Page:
Ben takes on the big case against the powerful and ruthless executive of a large pharmaceutical company Denning and soon finds himself involved in a case of blackmail and corruption and his life and career begins to spiral into the absurd and desperation.

When I read a bit about this movie which I normally do before viewing to give me an idea of the storyline and whose who in the film at first glance I see the cast of Duhamel, Hopkins, Pacino and Stiles and my initial reaction was and expected an intense thriller with a deep storyline.

In fact Hopkins and Pacino are bit part characters although important key roles don’t have enough screen time as far as I am concerned. The story itself is a little clunky and disjointed and the pace of the movie is a little slow. My initial feeling was that the storyline is lacking any suspense and depth, meaning that filmmakers have spread the story so thin to reach it’s duration and tuning time.

None of the actors disappoint in terms of how interesting the characters they portray but surprisingly the chemistry between the two veteran actors Anthony Hopkins and Al Pacino appear at times shaky and awkward.

Anthony Hopkins at this time appears to be portraying rich billionaires who are held to ransom again and again (check my review of Kidnapping Freddy Heineken) and although never disappoints looks like he is just topping up his bank balance in accepting these limited screen time roles. I find it frustrating that an actor of his calibre and c.v. “has” to do these roles that I cannot believe for a minute they find interesting as the role isn’t part of the story enough.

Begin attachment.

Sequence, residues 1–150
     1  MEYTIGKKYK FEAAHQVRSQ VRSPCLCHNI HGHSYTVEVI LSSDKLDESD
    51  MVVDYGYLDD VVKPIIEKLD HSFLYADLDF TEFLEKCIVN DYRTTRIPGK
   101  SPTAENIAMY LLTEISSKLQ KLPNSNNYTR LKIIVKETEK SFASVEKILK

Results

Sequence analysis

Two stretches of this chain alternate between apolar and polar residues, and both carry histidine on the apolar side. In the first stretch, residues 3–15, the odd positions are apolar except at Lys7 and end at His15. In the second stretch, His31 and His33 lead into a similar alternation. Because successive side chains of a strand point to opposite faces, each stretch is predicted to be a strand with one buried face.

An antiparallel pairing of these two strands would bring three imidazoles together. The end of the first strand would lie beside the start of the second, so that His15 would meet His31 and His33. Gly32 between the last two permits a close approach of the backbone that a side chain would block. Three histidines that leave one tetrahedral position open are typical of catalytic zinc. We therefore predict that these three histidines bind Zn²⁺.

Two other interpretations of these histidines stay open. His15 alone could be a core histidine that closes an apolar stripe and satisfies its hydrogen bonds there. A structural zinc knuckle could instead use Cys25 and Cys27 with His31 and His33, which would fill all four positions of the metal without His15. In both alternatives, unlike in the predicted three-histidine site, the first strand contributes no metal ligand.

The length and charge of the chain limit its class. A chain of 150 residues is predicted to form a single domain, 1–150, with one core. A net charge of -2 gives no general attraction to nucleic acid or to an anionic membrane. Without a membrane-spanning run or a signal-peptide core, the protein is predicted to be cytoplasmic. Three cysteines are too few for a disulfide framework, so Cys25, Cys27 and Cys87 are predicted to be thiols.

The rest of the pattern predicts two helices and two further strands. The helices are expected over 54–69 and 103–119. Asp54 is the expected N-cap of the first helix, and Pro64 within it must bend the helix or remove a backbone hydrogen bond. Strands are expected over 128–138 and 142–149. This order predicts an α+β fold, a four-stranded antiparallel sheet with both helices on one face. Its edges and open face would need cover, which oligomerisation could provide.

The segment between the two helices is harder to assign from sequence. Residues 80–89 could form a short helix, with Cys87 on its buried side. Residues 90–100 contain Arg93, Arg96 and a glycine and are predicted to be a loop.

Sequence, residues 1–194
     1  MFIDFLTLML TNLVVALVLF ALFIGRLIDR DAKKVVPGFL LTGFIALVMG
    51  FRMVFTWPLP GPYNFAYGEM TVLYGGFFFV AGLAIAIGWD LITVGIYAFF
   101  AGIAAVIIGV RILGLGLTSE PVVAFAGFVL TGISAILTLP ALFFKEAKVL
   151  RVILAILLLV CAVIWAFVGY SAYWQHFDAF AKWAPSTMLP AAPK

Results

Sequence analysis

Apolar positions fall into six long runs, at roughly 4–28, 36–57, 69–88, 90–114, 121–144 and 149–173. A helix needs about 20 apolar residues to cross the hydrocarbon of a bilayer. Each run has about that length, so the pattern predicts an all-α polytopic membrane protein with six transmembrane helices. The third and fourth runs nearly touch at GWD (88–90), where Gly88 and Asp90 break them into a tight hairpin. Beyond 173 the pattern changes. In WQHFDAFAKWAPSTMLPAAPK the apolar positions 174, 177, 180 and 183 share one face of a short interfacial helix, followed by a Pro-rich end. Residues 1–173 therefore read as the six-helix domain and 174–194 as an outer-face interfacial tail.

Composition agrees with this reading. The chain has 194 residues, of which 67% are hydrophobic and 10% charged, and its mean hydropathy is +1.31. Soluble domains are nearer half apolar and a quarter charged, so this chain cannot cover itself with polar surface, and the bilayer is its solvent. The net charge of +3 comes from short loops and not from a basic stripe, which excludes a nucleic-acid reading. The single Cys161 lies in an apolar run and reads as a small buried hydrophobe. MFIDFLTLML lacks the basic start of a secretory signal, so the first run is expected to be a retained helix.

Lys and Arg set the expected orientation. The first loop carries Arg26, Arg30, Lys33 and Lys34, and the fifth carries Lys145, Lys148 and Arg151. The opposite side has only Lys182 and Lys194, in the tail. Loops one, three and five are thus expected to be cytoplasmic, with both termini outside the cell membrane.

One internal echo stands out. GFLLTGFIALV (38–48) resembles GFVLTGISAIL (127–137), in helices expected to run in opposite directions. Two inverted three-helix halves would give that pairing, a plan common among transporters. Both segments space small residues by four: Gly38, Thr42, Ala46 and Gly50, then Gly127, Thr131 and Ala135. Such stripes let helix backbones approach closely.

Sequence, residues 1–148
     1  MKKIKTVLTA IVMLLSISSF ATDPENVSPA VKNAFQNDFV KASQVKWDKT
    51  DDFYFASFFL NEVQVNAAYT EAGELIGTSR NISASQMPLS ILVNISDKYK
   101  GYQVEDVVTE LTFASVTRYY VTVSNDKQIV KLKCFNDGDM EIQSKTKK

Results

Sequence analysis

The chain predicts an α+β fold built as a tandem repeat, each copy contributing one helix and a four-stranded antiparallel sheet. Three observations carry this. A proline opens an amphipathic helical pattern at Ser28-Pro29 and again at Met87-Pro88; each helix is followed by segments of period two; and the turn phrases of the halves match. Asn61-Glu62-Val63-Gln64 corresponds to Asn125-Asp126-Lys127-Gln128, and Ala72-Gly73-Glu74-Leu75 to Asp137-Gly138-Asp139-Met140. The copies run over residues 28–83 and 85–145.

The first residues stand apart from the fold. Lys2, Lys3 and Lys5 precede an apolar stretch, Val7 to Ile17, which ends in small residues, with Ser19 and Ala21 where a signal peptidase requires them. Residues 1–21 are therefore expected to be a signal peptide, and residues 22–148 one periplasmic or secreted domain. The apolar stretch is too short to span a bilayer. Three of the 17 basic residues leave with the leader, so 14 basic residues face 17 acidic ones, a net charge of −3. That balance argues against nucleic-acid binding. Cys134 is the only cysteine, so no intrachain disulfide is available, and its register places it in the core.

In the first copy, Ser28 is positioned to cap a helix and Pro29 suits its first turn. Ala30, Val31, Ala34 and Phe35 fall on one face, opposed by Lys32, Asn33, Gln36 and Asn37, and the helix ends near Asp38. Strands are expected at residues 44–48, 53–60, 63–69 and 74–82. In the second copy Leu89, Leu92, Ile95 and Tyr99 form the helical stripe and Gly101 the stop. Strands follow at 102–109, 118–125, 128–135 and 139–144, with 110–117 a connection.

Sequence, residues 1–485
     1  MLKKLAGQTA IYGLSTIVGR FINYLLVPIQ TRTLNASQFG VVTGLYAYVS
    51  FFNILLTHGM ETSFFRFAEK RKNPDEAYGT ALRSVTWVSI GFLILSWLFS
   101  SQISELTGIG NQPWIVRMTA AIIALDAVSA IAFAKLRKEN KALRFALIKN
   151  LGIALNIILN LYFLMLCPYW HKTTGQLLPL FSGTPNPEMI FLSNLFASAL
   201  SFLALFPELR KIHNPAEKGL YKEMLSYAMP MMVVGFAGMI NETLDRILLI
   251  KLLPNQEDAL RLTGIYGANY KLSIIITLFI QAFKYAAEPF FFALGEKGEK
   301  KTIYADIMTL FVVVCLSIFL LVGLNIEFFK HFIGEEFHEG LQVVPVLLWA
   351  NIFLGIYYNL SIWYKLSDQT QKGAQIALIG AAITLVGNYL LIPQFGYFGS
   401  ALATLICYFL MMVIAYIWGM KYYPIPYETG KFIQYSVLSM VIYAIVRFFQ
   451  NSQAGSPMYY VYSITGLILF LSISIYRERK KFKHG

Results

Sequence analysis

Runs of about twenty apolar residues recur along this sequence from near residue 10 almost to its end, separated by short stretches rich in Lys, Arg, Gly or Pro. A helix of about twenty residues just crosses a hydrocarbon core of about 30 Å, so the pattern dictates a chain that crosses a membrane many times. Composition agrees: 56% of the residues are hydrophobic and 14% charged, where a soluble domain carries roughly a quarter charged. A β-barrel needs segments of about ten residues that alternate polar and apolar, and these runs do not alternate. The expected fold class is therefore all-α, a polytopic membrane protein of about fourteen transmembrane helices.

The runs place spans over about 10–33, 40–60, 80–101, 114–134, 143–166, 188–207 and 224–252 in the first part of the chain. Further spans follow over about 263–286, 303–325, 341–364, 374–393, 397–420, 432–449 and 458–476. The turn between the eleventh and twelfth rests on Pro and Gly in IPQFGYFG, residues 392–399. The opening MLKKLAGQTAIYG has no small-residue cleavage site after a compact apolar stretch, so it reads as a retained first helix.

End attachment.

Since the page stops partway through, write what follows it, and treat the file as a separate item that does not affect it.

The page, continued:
Having just watched Al Pacino in Danny Collins (2015) a month or so back i was very disappointed in this as like Hopkins you know what to expect and again its not a big role in the sense of screen time and I understand that both Arthur Denning and Charles Abrams are key characters to the plot but I felt both these actors where there to sell the movie.

Duhamel is decent enough in the lead role but at times his performance is inconsistent in the sense that his character lacks any urgency when the scene requires it.

Julie Stiles as Jane Clemente is strangely cast as the tough female operator but unfortunately appears too cocky at times and for some reason her performance is forced and unconvincing which was disappointing.

Malin Akerman (Emily) and Alice Eve (Charlotte) are sparingly used and it appears they are just there to set up the scene and for the stories execution and that is it. With giving these two female actresses these roles they appear weak an under utilised and without causing offence to either actress this makes the movie appear like an episode of a crime Drama or a TV Movie. Again this is not Akerman and Eve’s fault.

Byung-hun Lee plays the character of the Accountant in a supporting role which is quite intriguing when he makes an appearance, but sadly his character feels under-utilised (a trend throughout the movie) and only serves as a glorified henchman.

Director Shintaro Shimosawa’s movie may be considered choppy and dull and the case presented in the plot are familiar themes of TV Movies of the same nature that wouldn’t look out of place in the 1980’s. Although the cinematography is well done in its visuals and to be fair sets up some very dark scenes that tie in with the storyline.

“Misconduct” lacked a sympathetic main and central character which for whatever reason makes the movie appear to have a cast of supporting actors supporting each other with no main lead and this is no fault of Josh Duhamel who tries his best and carrying the intricate and far fetched plot along. Although this isn’t the worst movie I have viewed. It does lack in the majority of its key elements. Give it a watch, don’t give it a watch. I’m passed caring.